Farming in the City

Many of the research techniques utilized at the farm are innovative, but not necessarily new. These techniques are often geared for people to mimic techniques that can use in an urban setting. 

City growers who visit to the farm are often surprised to learn there is often an easy solution to their problems. Covering the crops during extreme weather, using trellises to keep crops off the grounds and weeding regularly, alternating mixed crops to maximize space - these are techniques that would be easy for the average urban gardener to implement.

Tip: Perennials like Egyptian onions, asparagus, Jerusalem artichokes, do not have to be planted each year. These are good vegetables for the novice gardener to grow.

Cover Crops 
Experimental field

Cover crops are used to suppress weeds. Muirkirk Farm uses a kind of sweet clover, because it germinates when it's warm. Visitors to the farm will see an experimental field, half of which has been covered with clover. The difference in soil quality is analyzed for future planning purposes.
Tilled cover crop

The clover is planted in the summer to help suppress weeds. I thought clover was a weed? you may be thinking. "A weed is a plant growing where you don't want it, but it doesn't have to be a weed," explains Axum.

Clover is in the legume plant family, which absorbs nitrogen from the air through their leaves, and stores the nitrogen in the roots. After the clover is cut and tilled back into the soil, the nitrogen is released. Hence, not only are you getting free and organic fertilizer, but the soil is being protected from weeds and aerated.

Fact: This technique is presently being used with Muirkirk's the asparagus crop.

Hay-Adams Hotel Partnership

Initially, the farm's purpose was research and demonstration, but expansion and increased production led to selling produce for income generation. Since 2013, the largest client has been the Hay-Adam's Hotel.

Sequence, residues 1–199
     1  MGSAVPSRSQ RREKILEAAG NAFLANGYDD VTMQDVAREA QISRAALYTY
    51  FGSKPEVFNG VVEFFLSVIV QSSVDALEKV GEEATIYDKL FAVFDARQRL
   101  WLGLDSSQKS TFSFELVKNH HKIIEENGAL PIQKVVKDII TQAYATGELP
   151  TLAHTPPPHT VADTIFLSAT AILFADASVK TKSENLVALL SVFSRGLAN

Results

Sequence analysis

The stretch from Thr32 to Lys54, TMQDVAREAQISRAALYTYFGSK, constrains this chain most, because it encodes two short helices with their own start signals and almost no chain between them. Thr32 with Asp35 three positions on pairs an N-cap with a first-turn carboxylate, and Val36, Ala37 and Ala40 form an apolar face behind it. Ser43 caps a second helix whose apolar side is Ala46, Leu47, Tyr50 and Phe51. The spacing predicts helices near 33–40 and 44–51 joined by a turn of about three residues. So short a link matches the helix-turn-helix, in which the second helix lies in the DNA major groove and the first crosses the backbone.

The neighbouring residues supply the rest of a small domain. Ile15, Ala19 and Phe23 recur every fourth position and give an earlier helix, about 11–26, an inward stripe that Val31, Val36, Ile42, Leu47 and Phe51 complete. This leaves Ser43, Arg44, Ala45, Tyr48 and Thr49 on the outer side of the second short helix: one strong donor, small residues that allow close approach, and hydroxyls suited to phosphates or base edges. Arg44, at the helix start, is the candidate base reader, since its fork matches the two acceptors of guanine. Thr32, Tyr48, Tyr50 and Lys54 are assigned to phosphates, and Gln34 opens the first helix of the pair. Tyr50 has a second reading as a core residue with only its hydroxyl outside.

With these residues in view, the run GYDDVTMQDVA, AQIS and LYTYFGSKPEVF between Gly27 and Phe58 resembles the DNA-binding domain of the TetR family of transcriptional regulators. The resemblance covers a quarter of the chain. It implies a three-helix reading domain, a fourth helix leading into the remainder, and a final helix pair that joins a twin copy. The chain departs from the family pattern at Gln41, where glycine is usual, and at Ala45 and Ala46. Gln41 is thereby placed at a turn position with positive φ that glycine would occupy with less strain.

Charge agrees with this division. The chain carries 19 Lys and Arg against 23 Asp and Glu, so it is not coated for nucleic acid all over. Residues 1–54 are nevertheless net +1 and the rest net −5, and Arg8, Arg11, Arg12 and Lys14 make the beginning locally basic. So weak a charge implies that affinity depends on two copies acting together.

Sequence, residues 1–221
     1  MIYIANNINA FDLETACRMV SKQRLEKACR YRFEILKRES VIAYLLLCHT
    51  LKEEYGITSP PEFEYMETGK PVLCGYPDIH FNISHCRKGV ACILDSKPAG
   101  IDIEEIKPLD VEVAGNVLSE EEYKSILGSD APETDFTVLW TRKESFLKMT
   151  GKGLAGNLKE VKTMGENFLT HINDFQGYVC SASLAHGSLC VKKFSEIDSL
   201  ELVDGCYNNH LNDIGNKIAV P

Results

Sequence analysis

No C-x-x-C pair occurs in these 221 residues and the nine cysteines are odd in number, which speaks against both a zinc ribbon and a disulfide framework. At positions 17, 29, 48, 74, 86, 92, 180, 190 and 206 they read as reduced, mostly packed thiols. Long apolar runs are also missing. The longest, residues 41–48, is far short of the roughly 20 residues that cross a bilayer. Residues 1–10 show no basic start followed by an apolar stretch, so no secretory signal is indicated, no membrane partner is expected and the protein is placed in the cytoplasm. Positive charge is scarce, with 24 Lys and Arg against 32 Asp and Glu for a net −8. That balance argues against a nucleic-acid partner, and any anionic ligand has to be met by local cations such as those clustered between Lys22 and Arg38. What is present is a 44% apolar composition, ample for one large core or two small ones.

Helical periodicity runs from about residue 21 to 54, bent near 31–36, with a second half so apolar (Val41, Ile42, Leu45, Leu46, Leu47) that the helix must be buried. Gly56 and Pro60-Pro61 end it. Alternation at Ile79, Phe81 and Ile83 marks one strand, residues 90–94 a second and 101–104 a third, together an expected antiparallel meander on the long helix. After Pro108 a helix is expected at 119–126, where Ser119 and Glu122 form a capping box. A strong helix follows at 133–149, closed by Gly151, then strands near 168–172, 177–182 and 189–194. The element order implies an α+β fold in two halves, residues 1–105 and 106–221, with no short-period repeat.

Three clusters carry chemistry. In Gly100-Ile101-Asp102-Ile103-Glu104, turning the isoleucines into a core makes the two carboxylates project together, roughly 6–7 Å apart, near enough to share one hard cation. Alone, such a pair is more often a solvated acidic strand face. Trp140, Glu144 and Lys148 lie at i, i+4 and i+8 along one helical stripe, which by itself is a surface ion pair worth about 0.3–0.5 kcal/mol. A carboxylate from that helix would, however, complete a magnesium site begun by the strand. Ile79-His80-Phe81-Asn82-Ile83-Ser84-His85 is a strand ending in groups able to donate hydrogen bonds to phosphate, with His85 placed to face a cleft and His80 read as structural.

"We wanted to be a part of the CAUSES initiatives to increase local food production and to serve our local community at the same time," says Hans Bruland, Vice President and General Manager of The Hay-Adams," and this partnership also benefits our clients. There is nothing better than food that was harvested in the morning and is served that same evening; better yet when some of the food reminds you of home – even if home is on the other side of the globe."

Fact: The partnership was featured in the Food section of the Washington Post. 


Increased production and expansion has been a tremendous asset, yet it has led to capacity-related challenges. While the farm can boast of several volunteers both individual and group, but operations are ultimately managed seven days a week by Che, Waggie and Roy. 

"At the end of the day when the smoke clears, it's three people. When I tell people that, they usually respond: 'You've got to be kidding," says Axum. "For now, I have to select crops we can plant and easily manage--although sometimes that's an oxymoron."

Harvesting the fruits of their labor also proves a challenge, as Axum explains. "When we harvest, everything else stops." In this case, "everything" includes:  weeding, planting, cultivation of the field, pest management.

As a land grant university, UDC receives money from DC taxpayers and the federal government.  As such, priority must be given to DC residents for sale of the produce. However, the lack of transportation capability makes it difficult to find clients in the city. 

Lack of personnel and transportation capability are barriers to expanding the clientele base. Having a small staff makes it especially difficult to make deliveries--especially when you account the time if could potentially take from Beltsville to DC with the area's infamous traffic. Should the farm develop a suitable delivery system then the list of possible clients grows.

For now, while the farm is open to future contracts and partnerships, buyers will have to pick up their own produce. "We'll harvest and refrigerate it, but we don't have the capacity to make regular deliveries."

The farm donates produce to groups that feed D.C.'s vulnerable and underserved populations like Bread for the City and DC Central Kitchen, both who do regular pick-ups. We have also donated produce to various events, including 110 pounds of fresh greens to the NBC Food4Families 2013 holiday campaign.

The Future 

In the future, Muirkirk farm will use the fish waste produced from the aquaponics production facility in place of store bought fertilizer. An additional solar well pump will be installed to meet increased capacity as the farm grows. And once the composting production starts, the farm will be able to produce its own compost and immediately apply it to the farm fields. Now that's how you run a sustainable farm. 

Photos are available on the CAUSES Facebook page. Questions? Contact Che Axum.

1 comment:

  1. So awesome and progressive! I'd love to work at a place like this!!!